Some misconceptions about Badami Bagh

By Omar

Today a charged mob” set fire to about 150 poor Christian homes in Badami Bagh Lahore. see pictures here.

The order of events was pretty standard.
Wednesday: A Christian sanitary worker (yes, they clean gutters and sweep roads) argued with a Muslim Barber at a snooker game. At some point after this he accused the Christian of having blasphemed he who must not be named.

Friday: “Enraged Muslims” marched into Joseph colony looking for the blasphemer. They beat up his father (age 65, very much in the “beatable” age group) and did some property damage. Police arrested the accused that night. They also advised the local Christians to clear out since more “rage” may be on its way.

Saturday: Thanks to the timely efforts of the Punjab police, no Christians were home when the rage returned on Saturday. 178 houses were burnt, as was one church. No one was killed since no one was there.

Punjab CM Shahbaz Sharif has suspended the local police officers and promised to rebuild the houses. He has also said the trial of the blasphemy accused will be held in prison and it is looking possible that the trial will be quick and he may be set free (unlike Aasia bibi, who remains in prison).

“Civil society” has reacted with outrage and the President and the PM have condemned this outrage. Most of the outrage is probably genuine. But I noticed some common misconceptions too.

1. This outrage is new and shocking and marks a “further deterioration” in how things are done in the Islamic Republic….In this case, NOT true. This event is small scale compared to the assault on Shantinagar in 1997.

There have been many other blasphemy accusations and mobs between then and now. The outrage is outrageous, but neither new nor out of proportion to “usual practice”.

2. The mobs are led by misunderstanders of Islam. Actually the mobs are led by people who know what they are doing with remarkable clarity. Blasphemy and apostasy memes (memes, not laws…no law is needed if the meme is firmly in place, since they allow for freelance action) are the twin pillars on which Islamism is built. See here for details.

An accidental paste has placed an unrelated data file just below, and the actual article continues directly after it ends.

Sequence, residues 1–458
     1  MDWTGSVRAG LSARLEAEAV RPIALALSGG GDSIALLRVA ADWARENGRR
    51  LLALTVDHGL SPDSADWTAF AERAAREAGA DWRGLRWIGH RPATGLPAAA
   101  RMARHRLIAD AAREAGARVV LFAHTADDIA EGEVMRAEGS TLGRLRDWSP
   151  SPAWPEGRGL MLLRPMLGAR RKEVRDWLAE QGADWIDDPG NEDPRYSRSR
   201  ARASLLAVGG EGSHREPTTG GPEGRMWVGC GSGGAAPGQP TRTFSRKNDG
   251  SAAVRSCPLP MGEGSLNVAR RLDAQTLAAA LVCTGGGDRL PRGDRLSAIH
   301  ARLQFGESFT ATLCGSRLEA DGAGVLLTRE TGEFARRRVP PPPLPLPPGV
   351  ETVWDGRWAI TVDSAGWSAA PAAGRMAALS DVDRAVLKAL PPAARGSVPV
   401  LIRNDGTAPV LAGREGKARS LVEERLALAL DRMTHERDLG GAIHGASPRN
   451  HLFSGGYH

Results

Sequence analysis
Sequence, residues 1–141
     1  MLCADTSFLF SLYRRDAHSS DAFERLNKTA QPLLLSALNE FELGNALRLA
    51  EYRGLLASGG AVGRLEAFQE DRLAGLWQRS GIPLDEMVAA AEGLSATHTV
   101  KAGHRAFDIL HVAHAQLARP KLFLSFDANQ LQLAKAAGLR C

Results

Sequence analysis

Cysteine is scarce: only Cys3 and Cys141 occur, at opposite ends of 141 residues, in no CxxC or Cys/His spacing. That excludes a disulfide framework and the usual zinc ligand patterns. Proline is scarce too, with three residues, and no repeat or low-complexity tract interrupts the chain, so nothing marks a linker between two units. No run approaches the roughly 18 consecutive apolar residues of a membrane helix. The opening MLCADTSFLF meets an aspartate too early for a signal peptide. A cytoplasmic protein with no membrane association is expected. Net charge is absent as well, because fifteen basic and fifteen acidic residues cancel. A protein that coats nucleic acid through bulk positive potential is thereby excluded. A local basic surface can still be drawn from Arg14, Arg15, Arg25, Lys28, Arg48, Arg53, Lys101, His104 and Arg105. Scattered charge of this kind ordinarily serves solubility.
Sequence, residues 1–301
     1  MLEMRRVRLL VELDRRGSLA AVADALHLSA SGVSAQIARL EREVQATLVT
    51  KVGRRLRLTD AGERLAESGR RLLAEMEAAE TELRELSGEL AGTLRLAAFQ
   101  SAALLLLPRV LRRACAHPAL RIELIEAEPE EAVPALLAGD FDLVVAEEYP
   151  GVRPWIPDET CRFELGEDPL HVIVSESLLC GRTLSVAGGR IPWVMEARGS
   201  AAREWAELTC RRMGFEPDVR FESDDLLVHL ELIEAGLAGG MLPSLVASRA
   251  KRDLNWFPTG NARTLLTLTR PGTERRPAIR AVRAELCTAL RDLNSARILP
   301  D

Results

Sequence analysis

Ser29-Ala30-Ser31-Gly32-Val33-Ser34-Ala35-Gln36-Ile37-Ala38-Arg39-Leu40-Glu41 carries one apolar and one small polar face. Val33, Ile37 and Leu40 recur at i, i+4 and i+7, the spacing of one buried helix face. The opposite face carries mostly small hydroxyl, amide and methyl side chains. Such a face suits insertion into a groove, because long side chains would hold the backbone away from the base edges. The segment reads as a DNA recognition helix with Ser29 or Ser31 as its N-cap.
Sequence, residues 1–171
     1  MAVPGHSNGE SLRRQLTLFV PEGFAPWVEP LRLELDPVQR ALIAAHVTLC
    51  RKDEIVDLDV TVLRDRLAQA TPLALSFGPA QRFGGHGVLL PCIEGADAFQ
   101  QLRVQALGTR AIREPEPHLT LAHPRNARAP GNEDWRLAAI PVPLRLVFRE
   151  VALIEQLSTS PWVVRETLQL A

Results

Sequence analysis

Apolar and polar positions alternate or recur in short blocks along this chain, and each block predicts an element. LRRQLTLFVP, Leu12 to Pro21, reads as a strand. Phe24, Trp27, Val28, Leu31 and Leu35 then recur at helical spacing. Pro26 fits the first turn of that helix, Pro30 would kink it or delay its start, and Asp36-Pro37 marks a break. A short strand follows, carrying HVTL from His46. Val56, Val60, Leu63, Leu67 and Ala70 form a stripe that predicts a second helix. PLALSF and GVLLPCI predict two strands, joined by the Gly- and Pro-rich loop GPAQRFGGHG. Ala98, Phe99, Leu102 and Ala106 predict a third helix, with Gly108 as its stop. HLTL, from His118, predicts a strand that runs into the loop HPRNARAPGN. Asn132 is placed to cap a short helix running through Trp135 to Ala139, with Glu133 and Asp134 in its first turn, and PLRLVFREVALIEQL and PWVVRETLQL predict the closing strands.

2. “Reform of blasphemy law” will stop this sort of thing. Reform will help, but not because the law will be better. It will mainly help because any such reform implies that the state has given a signal that things are going to change. It also implies (and this is critical) that when signal has been resisted (which it WILL be), the resisters have been prosecuted, beaten up, shot, bought off etc. All THAT having happened, mob attacks may begin to decline because the police will have got the memo and mobs will know they may face harsh action. …but take a look at this sequence (and its an inevitable sequence, no part can be skipped by having Tariq Ali in charge instead of Asif Zardari, though a dictatorship of the proletariat would presumably be able to apply force more harshly and efficiently…in any case, there WILL BE BLOOD)…it is not a smooth and peaceful process. And if the state tries to put this sequence in place, terrorist incidents (assassinations, bombings) will likely accelerate as the Islamist hardcore also gets the memo and tries to derail the improvements. All of this may be in the minds of some of the “reformers” but somehow I doubt it. As far as I can tell, a lot of them are Lahore literary festival types. Keep that in mind.

3. Imran Khan can fix this. I doubt it. Look at the sequence above. Any attempt to change the prevailing rules (that Christians, Ahmedis etc have to keep their head down and behave like good Negroes behaved in the American South) will be resisted. Right now the trend is in the opposite direction. An attempt is underway to have Shias, previously subject to “Muslim rules”,  to start living by “infidel rules”. That does not bode well for Pakistan but it is something that Imran Khan seems not to grasp. While he may have a slightly better idea about “our misguided brothers” being a real problem irrespective of American presence in Afghanistan, he still seems to sincerely believe his theories about Islamic social justice and rightly guided caliphs and the “vision” of Allama Iqbal. From these notions to the work that needs to be done may be a distance greater than Khan sahib can cover. More to the point, its a vastly greater distance than the one his FANS can cover. THEY are even more sincerely Paknationalist and “modern Scandinavian Wahabi Islamist” than he is. If he does come into power, his solutions are going to be based on imaginary notions. That works well when the background rules are already set by smarter people. With no rules in place, its no place for a boy scout. ….

Read more » BrownPundits

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